- The Washington Times - Friday, November 25, 2005

As it prepared throughout the offseason and into summer camp, the Maryland football team badly wanted to earn a bowl bid. The bitterness of an ugly 5-6 campaign haunted the Terrapins, driving them to spend extra time preparing for what they hoped would be a bounce-back season.

For their trouble, the Terps (5-5, 3-4 ACC) sit on the precipice of both bowl eligibility and another offseason of pondering what went wrong. The position evokes both hope and anxiety but also one piece of certainty: a victory over N.C. State (5-5, 2-5) today at Carter-Finley Stadium will all but assure that coveted bowl bid.

“Tension is in the building to say the least,” junior quarterback Sam Hollenbach said. “We’re looking at going home after next week; guys that I came in with, Danny Melendez and those guys, not playing another college game. That’s what we’re faced with. I think everyone feels that pressure, but at the same time, it’s something you want to put to the back of your mind.”

The Terps had chances to avoid this scenario, even if they didn’t know it at the time. There was the September loss to Clemson, in which Maryland surrendered a 10-point lead in the fourth quarter. Then there was the similar meltdown at Florida State in late October when the Terps led by 10 in the second half.

Maryland could have clinched bowl eligibility in its home finale last week against Boston College but instead committed four turnovers to disastrous consequences. The Terps also wasted several scoring opportunities, managing only 16 points in six red zone trips.



The Terps will play before representatives of the Meineke Car Care Bowl in Charlotte, N.C., and the MPC Computers Bowl in Boise, Idaho, and also could go to the Music City Bowl in Nashville, Tenn., or the Emerald Bowl in San Francisco (to face 6-5 Utah) if they defeat N.C. State.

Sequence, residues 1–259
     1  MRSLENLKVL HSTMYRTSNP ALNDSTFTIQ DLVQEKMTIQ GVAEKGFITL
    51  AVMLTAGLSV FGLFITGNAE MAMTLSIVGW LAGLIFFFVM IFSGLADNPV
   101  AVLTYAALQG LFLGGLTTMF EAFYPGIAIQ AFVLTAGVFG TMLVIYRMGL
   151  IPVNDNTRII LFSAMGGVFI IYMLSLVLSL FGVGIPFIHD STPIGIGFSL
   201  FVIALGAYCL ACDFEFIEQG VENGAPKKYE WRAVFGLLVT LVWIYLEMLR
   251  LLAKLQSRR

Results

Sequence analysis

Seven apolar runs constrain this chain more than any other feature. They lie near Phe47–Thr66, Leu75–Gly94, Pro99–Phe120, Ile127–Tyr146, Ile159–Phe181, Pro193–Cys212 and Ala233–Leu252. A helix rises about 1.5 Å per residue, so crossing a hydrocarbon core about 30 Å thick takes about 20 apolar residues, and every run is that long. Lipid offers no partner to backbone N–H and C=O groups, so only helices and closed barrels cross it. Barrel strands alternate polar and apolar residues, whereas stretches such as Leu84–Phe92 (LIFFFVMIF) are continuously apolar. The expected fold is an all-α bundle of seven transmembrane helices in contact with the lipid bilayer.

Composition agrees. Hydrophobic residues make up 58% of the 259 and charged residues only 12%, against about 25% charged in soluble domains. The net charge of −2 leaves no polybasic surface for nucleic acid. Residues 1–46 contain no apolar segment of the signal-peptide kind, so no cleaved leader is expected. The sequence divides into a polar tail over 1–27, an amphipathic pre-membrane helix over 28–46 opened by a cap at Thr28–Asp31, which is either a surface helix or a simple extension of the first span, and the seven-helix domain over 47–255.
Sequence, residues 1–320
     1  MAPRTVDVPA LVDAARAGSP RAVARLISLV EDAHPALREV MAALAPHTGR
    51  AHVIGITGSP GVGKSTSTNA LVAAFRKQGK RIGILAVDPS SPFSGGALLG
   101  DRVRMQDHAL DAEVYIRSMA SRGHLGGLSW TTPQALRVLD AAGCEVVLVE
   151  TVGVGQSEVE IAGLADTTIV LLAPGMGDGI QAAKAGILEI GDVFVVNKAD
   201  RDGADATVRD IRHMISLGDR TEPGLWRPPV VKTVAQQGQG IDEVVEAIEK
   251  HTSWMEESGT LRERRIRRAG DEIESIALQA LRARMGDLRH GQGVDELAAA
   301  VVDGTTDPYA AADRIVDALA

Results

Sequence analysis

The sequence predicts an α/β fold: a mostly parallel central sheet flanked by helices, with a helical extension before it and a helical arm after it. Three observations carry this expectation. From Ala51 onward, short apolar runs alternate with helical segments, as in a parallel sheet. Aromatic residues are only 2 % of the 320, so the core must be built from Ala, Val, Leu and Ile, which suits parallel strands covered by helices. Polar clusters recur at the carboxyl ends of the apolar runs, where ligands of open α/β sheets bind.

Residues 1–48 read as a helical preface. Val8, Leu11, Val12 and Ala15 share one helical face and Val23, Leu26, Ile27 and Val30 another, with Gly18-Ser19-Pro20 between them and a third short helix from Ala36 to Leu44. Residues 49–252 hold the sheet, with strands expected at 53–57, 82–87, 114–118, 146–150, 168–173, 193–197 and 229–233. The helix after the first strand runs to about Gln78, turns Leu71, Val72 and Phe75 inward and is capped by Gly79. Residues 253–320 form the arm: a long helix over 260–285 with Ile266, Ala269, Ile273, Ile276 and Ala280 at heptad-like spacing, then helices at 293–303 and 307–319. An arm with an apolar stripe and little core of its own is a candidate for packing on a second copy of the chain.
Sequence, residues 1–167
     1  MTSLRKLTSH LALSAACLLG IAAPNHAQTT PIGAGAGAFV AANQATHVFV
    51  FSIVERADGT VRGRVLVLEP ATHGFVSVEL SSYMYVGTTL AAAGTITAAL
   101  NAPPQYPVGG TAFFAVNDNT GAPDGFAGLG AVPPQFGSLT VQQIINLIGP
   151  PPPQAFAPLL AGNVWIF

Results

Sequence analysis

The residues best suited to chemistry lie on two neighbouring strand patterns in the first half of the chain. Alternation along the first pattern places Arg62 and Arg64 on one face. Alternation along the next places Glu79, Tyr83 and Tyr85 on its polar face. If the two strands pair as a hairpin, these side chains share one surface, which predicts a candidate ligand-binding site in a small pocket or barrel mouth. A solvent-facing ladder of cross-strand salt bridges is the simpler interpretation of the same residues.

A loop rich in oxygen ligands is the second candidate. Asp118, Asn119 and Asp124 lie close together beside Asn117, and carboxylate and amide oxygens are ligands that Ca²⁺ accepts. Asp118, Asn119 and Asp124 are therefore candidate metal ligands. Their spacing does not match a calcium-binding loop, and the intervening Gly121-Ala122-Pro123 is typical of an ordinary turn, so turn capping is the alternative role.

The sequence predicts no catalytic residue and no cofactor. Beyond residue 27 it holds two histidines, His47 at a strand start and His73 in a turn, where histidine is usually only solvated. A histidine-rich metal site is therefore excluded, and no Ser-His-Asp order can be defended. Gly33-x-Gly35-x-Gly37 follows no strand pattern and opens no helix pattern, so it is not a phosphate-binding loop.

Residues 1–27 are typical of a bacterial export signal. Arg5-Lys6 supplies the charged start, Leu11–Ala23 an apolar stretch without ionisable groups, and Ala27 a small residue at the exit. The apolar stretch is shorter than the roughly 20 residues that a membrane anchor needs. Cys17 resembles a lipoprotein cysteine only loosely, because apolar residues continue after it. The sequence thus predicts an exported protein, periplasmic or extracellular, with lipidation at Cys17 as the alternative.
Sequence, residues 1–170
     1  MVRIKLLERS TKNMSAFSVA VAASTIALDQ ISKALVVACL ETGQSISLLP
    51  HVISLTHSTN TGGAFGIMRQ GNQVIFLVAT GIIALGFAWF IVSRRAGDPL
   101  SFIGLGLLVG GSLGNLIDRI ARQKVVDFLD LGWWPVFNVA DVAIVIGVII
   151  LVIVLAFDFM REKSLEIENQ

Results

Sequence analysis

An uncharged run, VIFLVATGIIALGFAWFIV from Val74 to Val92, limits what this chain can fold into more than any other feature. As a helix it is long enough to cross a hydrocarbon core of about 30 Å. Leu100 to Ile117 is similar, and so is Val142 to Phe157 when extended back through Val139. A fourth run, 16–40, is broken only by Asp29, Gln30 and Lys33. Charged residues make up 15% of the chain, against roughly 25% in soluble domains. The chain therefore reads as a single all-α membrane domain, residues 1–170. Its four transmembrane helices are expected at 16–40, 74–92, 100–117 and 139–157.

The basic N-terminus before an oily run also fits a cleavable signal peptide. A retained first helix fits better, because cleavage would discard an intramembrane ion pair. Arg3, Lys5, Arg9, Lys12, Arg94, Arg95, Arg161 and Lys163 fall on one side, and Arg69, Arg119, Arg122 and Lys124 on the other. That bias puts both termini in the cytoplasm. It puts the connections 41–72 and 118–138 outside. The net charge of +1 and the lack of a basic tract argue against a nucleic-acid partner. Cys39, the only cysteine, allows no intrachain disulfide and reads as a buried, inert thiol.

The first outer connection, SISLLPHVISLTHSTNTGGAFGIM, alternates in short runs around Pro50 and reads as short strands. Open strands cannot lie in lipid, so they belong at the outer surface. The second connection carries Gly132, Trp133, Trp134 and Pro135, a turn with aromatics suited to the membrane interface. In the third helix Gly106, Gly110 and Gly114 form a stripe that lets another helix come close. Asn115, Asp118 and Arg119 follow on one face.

“It comes down to this one last game to put all the hard work that we put in over the summer and the winter to put it all together,” senior linebacker D’Qwell Jackson said. “If we think about that, we’ll be fine when it comes Saturday. It’s all or nothing. Either you win or you don’t.”

The same can be said for the Wolfpack, who also were 5-6 a year ago and need a victory to prolong their season by a game. N.C. State has won three of four since Marcus Stone took over at quarterback, but the real late-season revelation has been freshman tailback Andre Brown, who is averaging 5.5 yards a carry.

Working against Maryland is the looming suspensions of players stemming from a Nov. 1 fight at a College Park brawl. Coach Ralph Friedgen said Nov. 4 three players would sit out a game this season because of their roles in the brawl, but he declined both to comment on the incident since then or name the players at all. This week, he refused to say whether there would be any lineup changes.

Even with a full complement of players, the Terps still have to contend with N.C. State defensive ends Mario Williams and Manny Lawson, who have combined for 171/2 sacks and could badger Hollenbach this afternoon. Hollenbach had both a fumble and an interception returned for touchdowns against Boston College, and he has tried to re-establish both comfort and patience in the pocket this week as he prepares for his third start since separating his collarbone Oct. 20 against Virginia Tech.

“It’s kind of ironic because you come out from a week like last week and you feel like you have to win the game, and I think I have to do just the opposite,” Hollenbach said. “I just need to be relaxed, take whatever I have — the underneath routes or whatever comes open — and if not just run the ball or throw it away and give us a chance to play another play.”

If there’s a perfect road venue for the Terps to produce a critical victory, it’s Carter-Finley. In 2001, Friedgen’s first season, the Terps rallied for a game-winning touchdown in the final minute to clinch an outright ACC title and Orange Bowl berth.

Two years later, Nick Novak atoned for a missed extra point with a last-second field goal to cap a comeback from a 14-point fourth-quarter deficit as the Terps spoiled Philip Rivers’ final home game, scrambled out of the stadium after getting pelted with bottles and all but clinched a Gator Bowl berth.

While those were among Maryland’s finest hours under Friedgen, this year’s Terps would like to add their own memorable victory in Raleigh. It wouldn’t yield a trip to a New Year’s Day bowl or assure a conference title, but it would provide some validation to the effort the program has put forth in the last year.

“They’re deserving of better,” Friedgen said. “I’ve been on teams that have won more that haven’t worked as hard as this team. That’s kind of a frustrating thing from my standpoint.”

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